It would surely though have been in a nod to the ancestral seat of the Spencer family that the headquarters of Robert Sadler’s pedestrian initiative was named Althorp Lodge. We finished the walk here at Burmester House, where on the 16th September we will put up a plaque recalling the extraordinary Copenhagen Running Grounds. Just a few doors away is 733 Garratt Lane which was still a butchers shop when I moved here about twenty years ago. Its had a few different reincarnations since then and for a while was the HSL Head Shop. Its now ‘Vape on the Lane’ and doubling-up as a florists. The shopfront is bordered by the most exquisite decorative tiles which wouldn’t be out of place in Art Deco Lisbon. They would no doubt have been admired in 1911 by Patrick John Moylan an ‘assistant butcher’ who lived here with his wife and two small children. He was killed less than a month before the end of the war on 11th October 1918.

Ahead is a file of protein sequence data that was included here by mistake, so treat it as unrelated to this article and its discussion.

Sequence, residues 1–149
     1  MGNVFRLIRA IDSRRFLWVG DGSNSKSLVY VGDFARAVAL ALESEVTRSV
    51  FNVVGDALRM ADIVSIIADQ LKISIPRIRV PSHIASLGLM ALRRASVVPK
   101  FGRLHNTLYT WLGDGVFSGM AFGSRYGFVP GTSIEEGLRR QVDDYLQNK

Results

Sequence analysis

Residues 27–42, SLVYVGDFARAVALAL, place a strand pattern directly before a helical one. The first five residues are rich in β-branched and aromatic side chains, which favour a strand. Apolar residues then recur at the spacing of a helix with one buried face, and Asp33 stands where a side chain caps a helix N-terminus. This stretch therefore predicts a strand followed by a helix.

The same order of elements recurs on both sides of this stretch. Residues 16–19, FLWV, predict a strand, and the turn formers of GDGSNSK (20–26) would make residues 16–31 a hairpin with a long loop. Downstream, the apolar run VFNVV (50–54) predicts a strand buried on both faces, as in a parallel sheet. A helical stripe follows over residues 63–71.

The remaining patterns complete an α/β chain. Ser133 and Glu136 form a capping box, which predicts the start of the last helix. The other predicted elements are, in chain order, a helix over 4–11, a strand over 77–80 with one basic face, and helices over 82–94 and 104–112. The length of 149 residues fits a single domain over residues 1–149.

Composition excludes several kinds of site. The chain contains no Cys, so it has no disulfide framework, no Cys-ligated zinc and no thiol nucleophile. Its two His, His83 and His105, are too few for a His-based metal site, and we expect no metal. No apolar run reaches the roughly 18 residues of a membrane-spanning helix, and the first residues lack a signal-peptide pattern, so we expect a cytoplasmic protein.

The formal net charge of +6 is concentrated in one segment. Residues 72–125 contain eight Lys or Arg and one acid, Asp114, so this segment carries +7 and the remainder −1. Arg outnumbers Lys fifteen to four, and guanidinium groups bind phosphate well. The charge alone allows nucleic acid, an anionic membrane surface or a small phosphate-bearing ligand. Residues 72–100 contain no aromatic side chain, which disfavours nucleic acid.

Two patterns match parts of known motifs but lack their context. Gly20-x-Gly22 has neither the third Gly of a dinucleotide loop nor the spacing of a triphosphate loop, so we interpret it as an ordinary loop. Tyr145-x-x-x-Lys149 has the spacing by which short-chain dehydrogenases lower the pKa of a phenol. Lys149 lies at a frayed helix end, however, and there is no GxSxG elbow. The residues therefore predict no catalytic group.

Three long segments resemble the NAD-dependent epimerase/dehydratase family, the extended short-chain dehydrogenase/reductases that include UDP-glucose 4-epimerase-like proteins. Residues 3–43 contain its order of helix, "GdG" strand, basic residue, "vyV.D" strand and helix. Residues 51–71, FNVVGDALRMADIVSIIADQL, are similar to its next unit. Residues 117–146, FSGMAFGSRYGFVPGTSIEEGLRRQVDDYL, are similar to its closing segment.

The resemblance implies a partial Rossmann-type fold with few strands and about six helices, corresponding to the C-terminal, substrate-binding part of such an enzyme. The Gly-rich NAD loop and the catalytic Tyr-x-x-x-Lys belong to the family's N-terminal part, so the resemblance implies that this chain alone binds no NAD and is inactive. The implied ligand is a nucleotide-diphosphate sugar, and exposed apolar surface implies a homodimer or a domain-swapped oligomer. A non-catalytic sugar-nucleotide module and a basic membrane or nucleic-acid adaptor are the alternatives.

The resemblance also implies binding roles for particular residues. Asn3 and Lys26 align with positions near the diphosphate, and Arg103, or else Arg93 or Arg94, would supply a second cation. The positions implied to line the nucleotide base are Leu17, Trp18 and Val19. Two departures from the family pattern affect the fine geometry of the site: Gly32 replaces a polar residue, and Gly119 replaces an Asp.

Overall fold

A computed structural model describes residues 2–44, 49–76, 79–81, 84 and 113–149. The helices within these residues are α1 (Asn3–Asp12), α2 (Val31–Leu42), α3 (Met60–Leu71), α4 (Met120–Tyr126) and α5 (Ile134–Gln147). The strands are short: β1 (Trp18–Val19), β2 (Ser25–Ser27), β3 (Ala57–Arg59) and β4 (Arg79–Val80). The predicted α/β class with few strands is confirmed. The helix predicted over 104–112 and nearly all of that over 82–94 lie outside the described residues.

Patrick’s roots lay across the water and his father Jeremiah Moylan was born in Castlemagner, Cork, Ireland in 1844. He left the Rebel County and came to London and settled in the Fulham area where he found work as a general labourer. Here he married Caroline Garratt at St John’s Walham Green in 1869. They tried living in Kent for a while and their first two children Katherine and Deborah were born in Sevenoaks where Jeremiah was an agricultural labourer. The 1881 census shows the Moylans back in their old south London stamping ground and living at Bullow Road, Sands End, which was where the youngest of five children Patrick was born in 1880. This was an extremely poor area off the Wandsworth Bridge Road but close to the Imperial Gas Works where Jeremiah may have been employed. Booth refers to the area as ‘Irish, noisy, poor, a few criminals… windows broken and patched, children playing on mud heaps’. By 1891 they were at 24 Telcott Road, not too far from where the Lots Road Power Station ‘The Chelsea Monster’ would soon pop up. Patrick now had a younger brother called Thomas. Jeremiah was still a gas stoker in a burgeoning industry which had now become the biggest employer in this corner of south west London.